Victory in Tripoli: They Did It
The most significant and easily disregarded lesson of the successful Libyan uprising, as of the Egyptian and Tunisian risings that preceded it, is that the Arabs did it themselves. That is bad news for the United States.
The issue of “R2P,” so-called, has been current in American and European policy circles since the wars of Yugoslav succession found their genocidal climax in the killings at Srebrenica. Out of that came the proposition that democratic nations should accept the burden of a “responsibility to protect” vulnerable and endangered peoples, and even those being egregiously misgoverned. It assumed that Arab liberation comes from outside, not inside. It hasn’t happened that way.
Before this theory had been proposed formally, and long before the United Nations had favorably considered the argument that international society bears a responsibility to intervene in states abusing their own populations, as well as committing crimes against humanity, war crimes and ethnic cleansing, George W. Bush had cited exactly this duty as justification for his invasion of Iraq. The invasion supposedly would free Iraqis and spare Israelis, Western Europeans and Americans from the threat of weapons of mass destruction — which Iraq did not in fact possess. Rarely has so well intentioned a proposition been so devastatingly undermined.
The Libyans started by themselves, but were not alone very long. The revolt in Eastern Libya was counterattacked by the Libyan government’s armored forces, a turn of events that prompted the French government of Nicolas Sarkozy to military intervention — inviting the British government to join it, creating a joint European military command.
The British were unwilling to act without asking Washington’s permission, and the United States, since NATO’s inception, has considered it essential to block any independent European military initiative. Hence it insisted that NATO must command, and American officers hold leading positions.
But the American public, most American liberals as well as most Republican politicians, were hostile to “another war,” so American offensive action was called off. Qatar, the United Arab Emirates, Jordan, Morocco, and additional European governments were recruited to noncombat roles. The French and British did nearly all the air support, furnished arms, and sent in British SAS and French Special Forces personnel as trainers and tactical advisers.
The U.S. provided intelligence and carried out some special tasks, thus “leading from behind” as a Center for Strategic and International Studies expert in Washington has cautiously noted. Not all would agree with the Council on Foreign Relations analyst who said on Monday that this “was certainly a victory” for President Obama. The president accepted such plaudits from professionals and press, and declared: “American leadership is not simply a matter of going it alone and bearing all the burden ourselves. Real leadership creates the conditions and coalitions for others to step up as well.”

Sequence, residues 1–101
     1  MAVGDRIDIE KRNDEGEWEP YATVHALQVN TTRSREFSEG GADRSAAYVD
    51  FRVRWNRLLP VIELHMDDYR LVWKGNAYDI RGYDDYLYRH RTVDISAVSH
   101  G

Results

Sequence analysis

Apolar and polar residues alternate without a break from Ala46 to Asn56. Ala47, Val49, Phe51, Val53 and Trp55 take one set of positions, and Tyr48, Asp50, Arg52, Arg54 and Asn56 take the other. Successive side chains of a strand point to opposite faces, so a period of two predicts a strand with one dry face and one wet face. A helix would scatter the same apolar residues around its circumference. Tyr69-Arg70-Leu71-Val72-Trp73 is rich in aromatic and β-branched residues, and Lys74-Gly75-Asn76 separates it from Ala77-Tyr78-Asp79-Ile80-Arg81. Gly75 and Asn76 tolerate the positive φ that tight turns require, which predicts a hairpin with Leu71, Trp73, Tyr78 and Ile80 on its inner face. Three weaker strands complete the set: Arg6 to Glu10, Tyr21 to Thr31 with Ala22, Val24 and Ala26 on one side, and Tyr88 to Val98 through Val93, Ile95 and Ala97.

He failed to note that America’s absence was what enabled the victory. If the U.S. had gone seriously into the war, and behaved characteristically, Libya would have been heavily bombed to eliminate risks to American combatants, and U.S. ground troops would have been landed, provoking greatly increased resistance.
In Libya it would have been assumed, correctly, that the U.S., as in revolutionary Egypt, was seeking a more compliant Libyan leader, and wanted access to Libya’s oil and gas fields, and to what formerly was Wheelus U.S. Air Force Base. This already has been suggested (in U.S. military circles in Europe), as the possible headquarters for the U.S. Army’s Africa Command, which is still temporarily lodged in Europe, vainly searching for a country in Africa to take it in.
There is a dilemma in Middle Eastern matters, which every professional recognizes (and most nonprofessionals, for that matter), but which for domestic political reasons it is impossible for any administration to acknowledge. Washington’s total allegiance to Israel and to Israel’s expansion and domination of territories legally Palestinian renders impossible any close, impartial, disinterested or candid relationship with an Arab government.
Washington’s previous “alliances” or close relationships with Egypt and Tunisia, and its present relations with Yemen and Bahrain — the countries that have experienced the Arab “Awakening” of 2011, and those who at present continue to resist it — have always been constructed upon money, intimidation or blackmail. Washington will do whatever it can to manipulate the internal politics of the new governments that emerge in the region. It has no alternative.
The beauty and hope of the Arab Awakening movements has been that they have been spontaneous. That makes it impossible for the United States to deal with them impartially. The Europeans can and eventually will, which offers some mitigation of the situation, but at the cost of worsening American-European relations. American relations with new “post-Awakening” Arab governments will grow worse, assuming that these are more or less representative governments.
America is now more hated in Egypt (and in Afghanistan and Pakistan) than ever before. A Palestinian demand next month for full U.N. membership will undoubtedly worsen the situation, since Washington may be expected unconditionally to oppose this initiative. The outcome could be still more violence and hatred. The United States has — tragically — made itself the enemy of the Muslim world, and it is impossible to see how this can change, other than for the worse.
Visit William Pfaff’s website for more on his latest book, “The Irony of Manifest Destiny: The Tragedy of America’s Foreign Policy” (Walker & Co., $25), at www.williampfaff.com.
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